When Bitbucket has started, choose Internal - For evaluation and demo purposes only. and continue. For the next part you will need an Atlassian account (it’s free) to provision an evaluation license. This is a bit annoying but for the sake of this experiment it’s not that bad. Once you’ve navigated through the license activation and created your first admin user you will be greeted with the welcome screen:

Create a new project

We will create ourselves a new Bitbucket project so we have a place to push and pull code from. Create a new project with the following configuration:

After creating the project, add a new repository to it for our example project:

Ok cool, we have a new repository in Bitbucket with nothing in it. Let’s create our first Git branch.

Create a folder next to our setup folder named example-project with a simple text file in it named readme.md - put whatever you like in it:

├─+ example-project
│   └── readme.md
├─+ setup
└── start-bitbucket.sh

Navigate into the example-project and create and push our first Git commit for it:

git init
git add --all
git commit -m "Initial Commit"
git remote add origin http://localhost:7990/scm/ic/example-project.git
git push -u origin master

Check Bitbucket to see that you now have a new branch named master with your readme.md file in it:

Add a Jenkins user

We will add a new user to Bitbucket to allow Jenkins to talk to it. Without doing this there won’t be a way for Jenkins to check out code to perform builds, or notify Bitbucket when builds have succeeded or failed.

In Bitbucket, select the small cog icon near the top right of the screen to enter the Administration area, then select Users then Create user. Fill in the details like below to create a jenkins user. Be sure to remember whatever password you specify as we’ll need to enter it into Jenkins later:

Now navigate to Projects -> Infrastructure as Code -> Project Settings -> Project Permissions.

In the User access section, add the new jenkins user with Read access.

Our jenkins user can now authenticate to Bitbucket to allow it to check code within its build pipelines.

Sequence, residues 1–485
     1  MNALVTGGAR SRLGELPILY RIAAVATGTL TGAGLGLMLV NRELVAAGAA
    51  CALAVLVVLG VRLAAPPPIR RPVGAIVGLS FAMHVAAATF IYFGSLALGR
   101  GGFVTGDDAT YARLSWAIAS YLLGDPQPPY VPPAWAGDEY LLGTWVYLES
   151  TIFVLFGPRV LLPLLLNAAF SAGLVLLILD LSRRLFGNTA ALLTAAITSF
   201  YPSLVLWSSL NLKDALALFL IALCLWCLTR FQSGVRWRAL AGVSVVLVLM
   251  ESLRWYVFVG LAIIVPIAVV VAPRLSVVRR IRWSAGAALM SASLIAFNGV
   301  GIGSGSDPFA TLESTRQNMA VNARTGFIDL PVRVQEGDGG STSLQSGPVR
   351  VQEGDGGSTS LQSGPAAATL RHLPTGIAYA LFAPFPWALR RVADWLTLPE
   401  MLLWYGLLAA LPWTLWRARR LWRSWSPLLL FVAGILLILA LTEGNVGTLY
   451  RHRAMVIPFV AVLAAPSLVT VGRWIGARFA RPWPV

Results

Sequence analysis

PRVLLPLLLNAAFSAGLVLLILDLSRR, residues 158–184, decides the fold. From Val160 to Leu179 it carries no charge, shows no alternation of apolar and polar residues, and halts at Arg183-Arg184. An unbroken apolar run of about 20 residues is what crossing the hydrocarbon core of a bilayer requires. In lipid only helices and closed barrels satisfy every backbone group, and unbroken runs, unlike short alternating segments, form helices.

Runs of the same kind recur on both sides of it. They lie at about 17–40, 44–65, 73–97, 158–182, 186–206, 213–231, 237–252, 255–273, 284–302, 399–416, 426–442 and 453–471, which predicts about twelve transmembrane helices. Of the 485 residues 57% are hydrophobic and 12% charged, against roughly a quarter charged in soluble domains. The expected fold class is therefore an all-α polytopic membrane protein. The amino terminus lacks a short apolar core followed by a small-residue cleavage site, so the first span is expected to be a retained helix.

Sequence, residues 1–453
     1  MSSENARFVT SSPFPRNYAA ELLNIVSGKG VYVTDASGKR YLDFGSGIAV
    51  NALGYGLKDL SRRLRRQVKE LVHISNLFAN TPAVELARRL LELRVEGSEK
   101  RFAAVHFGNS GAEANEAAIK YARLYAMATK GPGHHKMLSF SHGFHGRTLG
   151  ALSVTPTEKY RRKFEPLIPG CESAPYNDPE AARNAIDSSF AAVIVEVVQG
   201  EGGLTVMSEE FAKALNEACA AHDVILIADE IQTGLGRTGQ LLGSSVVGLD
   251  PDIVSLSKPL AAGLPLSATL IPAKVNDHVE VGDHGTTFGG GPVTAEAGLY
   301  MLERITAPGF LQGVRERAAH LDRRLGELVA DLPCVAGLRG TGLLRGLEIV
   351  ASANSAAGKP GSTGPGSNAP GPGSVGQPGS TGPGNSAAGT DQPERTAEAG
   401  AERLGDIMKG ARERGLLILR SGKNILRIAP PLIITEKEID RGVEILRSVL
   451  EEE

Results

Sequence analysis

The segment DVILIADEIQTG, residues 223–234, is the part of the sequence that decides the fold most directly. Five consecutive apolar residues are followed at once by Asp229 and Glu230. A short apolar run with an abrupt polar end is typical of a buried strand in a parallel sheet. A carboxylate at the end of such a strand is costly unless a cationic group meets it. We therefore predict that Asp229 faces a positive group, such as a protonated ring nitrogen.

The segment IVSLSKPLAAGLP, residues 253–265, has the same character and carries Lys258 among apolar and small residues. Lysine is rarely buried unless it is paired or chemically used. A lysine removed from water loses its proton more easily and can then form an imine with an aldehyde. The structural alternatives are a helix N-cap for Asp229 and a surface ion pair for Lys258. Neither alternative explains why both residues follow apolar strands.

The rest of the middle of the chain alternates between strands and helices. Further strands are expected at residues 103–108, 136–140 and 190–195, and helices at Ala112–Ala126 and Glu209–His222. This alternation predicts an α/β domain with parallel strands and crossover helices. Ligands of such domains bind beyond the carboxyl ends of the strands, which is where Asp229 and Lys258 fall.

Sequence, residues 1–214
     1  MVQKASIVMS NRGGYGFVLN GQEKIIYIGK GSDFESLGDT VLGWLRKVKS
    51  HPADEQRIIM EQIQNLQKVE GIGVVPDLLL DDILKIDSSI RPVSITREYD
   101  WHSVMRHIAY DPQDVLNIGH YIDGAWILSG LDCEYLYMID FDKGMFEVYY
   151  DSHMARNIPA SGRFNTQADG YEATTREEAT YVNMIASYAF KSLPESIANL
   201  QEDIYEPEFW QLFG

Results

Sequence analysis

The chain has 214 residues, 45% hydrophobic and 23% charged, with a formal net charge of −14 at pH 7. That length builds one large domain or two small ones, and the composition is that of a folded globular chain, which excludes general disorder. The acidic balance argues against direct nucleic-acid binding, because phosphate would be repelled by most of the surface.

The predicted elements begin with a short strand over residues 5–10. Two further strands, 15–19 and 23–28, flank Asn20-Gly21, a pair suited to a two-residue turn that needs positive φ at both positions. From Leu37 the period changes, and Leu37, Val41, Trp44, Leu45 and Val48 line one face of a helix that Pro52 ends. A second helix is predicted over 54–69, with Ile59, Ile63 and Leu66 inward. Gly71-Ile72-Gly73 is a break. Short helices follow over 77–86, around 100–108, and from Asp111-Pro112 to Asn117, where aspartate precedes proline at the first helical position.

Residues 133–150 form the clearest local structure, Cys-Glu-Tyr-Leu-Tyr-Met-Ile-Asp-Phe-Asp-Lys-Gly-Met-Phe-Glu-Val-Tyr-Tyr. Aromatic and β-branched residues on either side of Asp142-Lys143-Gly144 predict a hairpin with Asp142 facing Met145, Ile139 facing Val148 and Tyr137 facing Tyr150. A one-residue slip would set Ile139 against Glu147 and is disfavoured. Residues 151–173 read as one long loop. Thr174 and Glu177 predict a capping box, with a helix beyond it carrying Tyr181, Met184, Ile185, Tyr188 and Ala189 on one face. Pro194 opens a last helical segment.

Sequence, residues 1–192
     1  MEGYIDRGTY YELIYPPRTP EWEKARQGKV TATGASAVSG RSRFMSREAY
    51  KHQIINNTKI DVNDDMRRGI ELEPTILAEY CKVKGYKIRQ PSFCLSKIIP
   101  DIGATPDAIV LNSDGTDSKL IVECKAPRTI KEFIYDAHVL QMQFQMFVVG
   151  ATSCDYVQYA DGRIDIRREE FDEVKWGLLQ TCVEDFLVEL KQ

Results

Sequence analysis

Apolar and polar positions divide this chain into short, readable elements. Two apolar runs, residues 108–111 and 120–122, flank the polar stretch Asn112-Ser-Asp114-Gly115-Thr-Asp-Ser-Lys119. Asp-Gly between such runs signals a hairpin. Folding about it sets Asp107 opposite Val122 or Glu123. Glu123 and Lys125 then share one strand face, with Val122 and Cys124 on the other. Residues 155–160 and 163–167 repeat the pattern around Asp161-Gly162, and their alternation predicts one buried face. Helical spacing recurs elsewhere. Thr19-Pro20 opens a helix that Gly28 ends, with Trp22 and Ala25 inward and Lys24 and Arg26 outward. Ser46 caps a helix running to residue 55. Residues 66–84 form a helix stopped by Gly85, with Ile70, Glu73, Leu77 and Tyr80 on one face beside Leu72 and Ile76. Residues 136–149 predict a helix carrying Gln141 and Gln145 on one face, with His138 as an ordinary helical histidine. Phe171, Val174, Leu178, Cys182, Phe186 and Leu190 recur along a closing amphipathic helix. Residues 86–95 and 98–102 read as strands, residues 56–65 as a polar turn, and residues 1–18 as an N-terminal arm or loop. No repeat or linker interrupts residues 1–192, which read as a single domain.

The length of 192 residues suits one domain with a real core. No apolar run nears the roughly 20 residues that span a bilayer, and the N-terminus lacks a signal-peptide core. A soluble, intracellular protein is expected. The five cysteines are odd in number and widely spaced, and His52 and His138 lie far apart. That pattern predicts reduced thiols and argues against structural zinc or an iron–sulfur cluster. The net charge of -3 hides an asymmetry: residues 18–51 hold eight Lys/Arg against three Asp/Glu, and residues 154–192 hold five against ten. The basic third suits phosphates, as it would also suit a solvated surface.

Configure repository branch permissions

We can now apply some final configuration settings to our example-project repository to make it ready for a pull request based workflow with integration with Jenkins.

We want to prevent anyone from pushing code directly into our master branch - instead we want them to raise a pull request before code can be merged. We will set up branch permissions to help us with this. Navigate to the settings for the example-project then into Branch permissions under the SECURITY section.

Select Add permissions, then match the options to the settings below - this will prevent any direct pushes to the master branch:

Configure Post Webhook

Now we need to configure our repository such that any Git changes we care about will trigger notifications to Jenkins. This part is pretty cool because it will be the first example of using the names of our Docker containers to connect them to each other through our custom iac-env network.

We will be using the Post Webhooks third party plugin for firing our webhooks: https://marketplace.atlassian.com/apps/1215474/post-webhooks-for-bitbucket?hosting=server&tab=overview.

Go to the global Bitbucket settings - it’s the small cog icon in the top right - and navigate to Find new apps in the ADD-ONS section. Search for Post Webhooks for Bitbucket and install it.

While we are here, we need to change the base url of our Bitbucket server otherwise the webhooks plugin won’t work. Select Server settings under the SETTINGS section and change the Base URL field to http://bitbucket:7990.

Now navigate into our example-project repository and into its settings then select Post Webhooks.

Important: Go to Post Webhooks not Webhooks!

Select Add Webhook and enter the details like below:

Note: The URL field is http://jenkins:8080/bitbucket-scmsource-hook/notify

We specify http://jenkins:8080 as the destination to send triggers to - which in our case will be Jenkins. Although we haven’t created our Jenkins Docker image yet, we will run it with the name jenkins which is how our network bridge will associate it to http://jenkins.

Note: The webhook won’t be able to connect to Jenkins yet as we aren’t running it yet!


That’s about it for Bitbucket, next up we will run Jenkins and have it talk to Bitbucket to run a build pipeline every time code is changed.

Source code can be found at: https://github.com/MarcelBraghetto/iac-env

Continue to Part 4: Setup Jenkins.

End of part 3